So why is WOOL so awesome?

Wool … natural, sustainable and renewable … is an eco-fibre fit for the future and yet it’s been around for 10,000 years.

Found today in a multitude of places, wool’s history weaves its way back in time, through the early days of New Zealand settlement, through an era of global discovery and exploration, into the Renaissance, the Dark Ages, and all the way back through Greek and Roman history to the time of cave men and women.

The process of growing wool – naturally, on the back of sheep – has stayed pretty much the same throughout those 10,000 years. But the complexity and versatility of wool’s unique fibres have led to an amazingly broad range of uses, from clothing and carpets to health and safety, without placing a burden on the planet.


Think inside the box

Now you can see and feel the different stages of shorn New Zealand wool, even try out a fleece for size. We’ve converted a shipping container into The Wool Shed and it’s visiting schools around the country. Find out when The Wool Shed is in your area and book it to be delivered to your school.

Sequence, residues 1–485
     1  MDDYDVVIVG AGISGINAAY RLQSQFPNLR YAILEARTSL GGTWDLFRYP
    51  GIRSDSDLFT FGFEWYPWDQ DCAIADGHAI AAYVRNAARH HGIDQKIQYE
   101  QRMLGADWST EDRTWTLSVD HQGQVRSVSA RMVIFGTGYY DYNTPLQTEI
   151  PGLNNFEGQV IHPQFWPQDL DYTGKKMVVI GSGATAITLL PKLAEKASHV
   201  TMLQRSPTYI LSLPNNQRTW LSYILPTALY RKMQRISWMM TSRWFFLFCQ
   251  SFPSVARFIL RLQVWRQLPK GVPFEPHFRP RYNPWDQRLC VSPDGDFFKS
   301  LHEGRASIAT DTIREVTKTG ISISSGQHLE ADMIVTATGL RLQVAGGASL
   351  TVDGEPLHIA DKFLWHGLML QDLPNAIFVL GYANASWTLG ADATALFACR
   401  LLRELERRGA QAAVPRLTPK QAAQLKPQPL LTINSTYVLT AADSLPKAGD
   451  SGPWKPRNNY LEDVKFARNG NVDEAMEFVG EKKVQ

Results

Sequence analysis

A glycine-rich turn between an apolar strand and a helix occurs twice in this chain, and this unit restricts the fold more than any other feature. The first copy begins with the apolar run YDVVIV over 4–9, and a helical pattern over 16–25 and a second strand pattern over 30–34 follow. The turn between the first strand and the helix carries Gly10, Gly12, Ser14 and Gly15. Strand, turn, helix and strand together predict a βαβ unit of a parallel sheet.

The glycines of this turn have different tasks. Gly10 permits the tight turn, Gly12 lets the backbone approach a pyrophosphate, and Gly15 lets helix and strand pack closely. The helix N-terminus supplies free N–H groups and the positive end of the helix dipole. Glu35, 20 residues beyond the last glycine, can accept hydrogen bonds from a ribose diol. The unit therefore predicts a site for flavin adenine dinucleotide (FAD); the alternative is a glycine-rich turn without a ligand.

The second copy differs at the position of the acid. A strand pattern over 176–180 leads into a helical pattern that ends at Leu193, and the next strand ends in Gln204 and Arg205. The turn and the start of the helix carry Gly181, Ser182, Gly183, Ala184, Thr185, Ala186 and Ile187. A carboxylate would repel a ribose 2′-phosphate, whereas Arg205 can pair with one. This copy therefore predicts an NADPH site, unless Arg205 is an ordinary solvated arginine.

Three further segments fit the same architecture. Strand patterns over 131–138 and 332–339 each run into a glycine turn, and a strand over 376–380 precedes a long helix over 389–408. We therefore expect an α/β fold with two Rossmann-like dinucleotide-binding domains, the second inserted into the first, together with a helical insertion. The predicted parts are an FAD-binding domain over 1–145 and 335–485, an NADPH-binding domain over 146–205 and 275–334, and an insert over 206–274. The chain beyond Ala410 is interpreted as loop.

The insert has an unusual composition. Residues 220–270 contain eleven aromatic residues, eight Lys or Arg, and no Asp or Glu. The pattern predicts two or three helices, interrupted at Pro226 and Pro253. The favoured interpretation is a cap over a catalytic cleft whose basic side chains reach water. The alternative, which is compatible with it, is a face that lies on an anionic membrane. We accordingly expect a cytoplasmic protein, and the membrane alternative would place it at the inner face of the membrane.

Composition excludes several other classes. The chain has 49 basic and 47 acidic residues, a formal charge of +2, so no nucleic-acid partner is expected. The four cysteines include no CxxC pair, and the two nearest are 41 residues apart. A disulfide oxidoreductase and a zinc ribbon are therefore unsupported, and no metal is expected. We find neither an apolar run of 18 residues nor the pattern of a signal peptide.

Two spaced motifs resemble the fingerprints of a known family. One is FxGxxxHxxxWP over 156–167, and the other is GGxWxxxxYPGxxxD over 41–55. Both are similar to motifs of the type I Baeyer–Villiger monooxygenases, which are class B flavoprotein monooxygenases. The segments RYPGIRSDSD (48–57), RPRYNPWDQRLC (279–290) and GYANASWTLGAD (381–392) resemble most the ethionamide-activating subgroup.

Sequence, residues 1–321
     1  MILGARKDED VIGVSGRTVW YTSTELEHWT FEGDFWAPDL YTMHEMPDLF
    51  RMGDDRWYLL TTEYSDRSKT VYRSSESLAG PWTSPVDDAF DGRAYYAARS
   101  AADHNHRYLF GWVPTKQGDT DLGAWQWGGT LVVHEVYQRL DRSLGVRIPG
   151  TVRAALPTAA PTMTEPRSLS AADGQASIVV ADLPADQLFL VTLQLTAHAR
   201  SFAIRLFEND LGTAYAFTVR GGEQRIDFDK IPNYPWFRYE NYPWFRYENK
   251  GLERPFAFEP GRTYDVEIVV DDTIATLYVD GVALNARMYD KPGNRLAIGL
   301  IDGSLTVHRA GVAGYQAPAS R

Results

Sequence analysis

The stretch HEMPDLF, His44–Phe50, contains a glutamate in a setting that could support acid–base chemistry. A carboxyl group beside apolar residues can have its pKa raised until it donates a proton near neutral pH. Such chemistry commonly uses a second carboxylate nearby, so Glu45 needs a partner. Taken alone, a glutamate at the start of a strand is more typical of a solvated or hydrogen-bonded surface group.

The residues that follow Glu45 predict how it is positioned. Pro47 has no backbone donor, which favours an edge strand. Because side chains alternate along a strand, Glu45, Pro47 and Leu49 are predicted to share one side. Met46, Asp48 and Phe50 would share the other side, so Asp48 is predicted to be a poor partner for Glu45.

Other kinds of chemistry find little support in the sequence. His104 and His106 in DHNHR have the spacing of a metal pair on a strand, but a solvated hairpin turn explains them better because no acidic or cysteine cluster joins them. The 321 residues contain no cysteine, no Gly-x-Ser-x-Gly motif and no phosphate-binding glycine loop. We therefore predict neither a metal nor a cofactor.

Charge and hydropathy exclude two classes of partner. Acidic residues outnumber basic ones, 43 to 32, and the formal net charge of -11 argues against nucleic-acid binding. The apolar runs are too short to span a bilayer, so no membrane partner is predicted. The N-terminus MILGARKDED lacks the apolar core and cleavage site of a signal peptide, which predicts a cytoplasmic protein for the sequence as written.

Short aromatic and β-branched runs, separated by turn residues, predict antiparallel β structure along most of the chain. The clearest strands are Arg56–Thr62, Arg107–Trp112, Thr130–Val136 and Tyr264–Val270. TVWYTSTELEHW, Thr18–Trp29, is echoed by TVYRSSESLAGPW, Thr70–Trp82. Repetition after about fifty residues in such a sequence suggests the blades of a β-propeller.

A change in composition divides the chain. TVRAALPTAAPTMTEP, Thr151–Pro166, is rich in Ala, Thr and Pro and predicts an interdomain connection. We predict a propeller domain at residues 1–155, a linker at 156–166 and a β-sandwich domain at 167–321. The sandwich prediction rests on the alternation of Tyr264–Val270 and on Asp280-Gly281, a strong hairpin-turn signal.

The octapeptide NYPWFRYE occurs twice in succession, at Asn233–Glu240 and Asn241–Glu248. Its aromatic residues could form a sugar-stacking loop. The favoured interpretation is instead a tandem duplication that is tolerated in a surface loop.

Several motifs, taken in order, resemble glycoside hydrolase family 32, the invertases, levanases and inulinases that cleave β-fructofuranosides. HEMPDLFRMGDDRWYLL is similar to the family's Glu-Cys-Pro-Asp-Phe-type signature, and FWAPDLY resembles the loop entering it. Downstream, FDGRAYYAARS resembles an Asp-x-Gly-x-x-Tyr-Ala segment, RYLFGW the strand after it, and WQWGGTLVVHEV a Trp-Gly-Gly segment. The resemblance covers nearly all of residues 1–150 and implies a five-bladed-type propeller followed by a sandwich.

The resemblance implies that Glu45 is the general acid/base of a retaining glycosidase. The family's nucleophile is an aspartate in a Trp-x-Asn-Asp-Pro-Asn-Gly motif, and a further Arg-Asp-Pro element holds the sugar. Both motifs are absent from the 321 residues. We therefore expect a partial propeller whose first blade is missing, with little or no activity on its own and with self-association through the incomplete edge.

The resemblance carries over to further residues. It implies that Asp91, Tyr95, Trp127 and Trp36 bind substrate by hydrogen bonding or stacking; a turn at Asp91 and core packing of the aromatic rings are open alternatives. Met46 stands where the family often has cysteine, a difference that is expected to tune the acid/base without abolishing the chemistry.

What’s the project all about?

The Wool in Schools project aims to help you understand wool’s place in our lives, and how and why it is part of our future. We have identified or developed resources that support New Zealand curriculum teaching of year 7 and 8 students. These have a range of applications, including Science, Technology, Mathematics and Economics, History, English and Art, for you to tailor to your needs. You could even create a full-on fibre factory, from Fibre to Finished Product, complete with marketing campaign.

Our Woolly Blog for teachers includes syllabus ideas, experiments, activities and scenarios shared by teachers around the country. It’s where you can find out how wool is capturing the attention of children. Have a read, help yourself if you like something, and add your own ideas.


Wool in Schools is part of a global Campaign for Wool, and is made possible through the generous support of PGG Wrightson.

PGG Wrightson
Campaign for Wool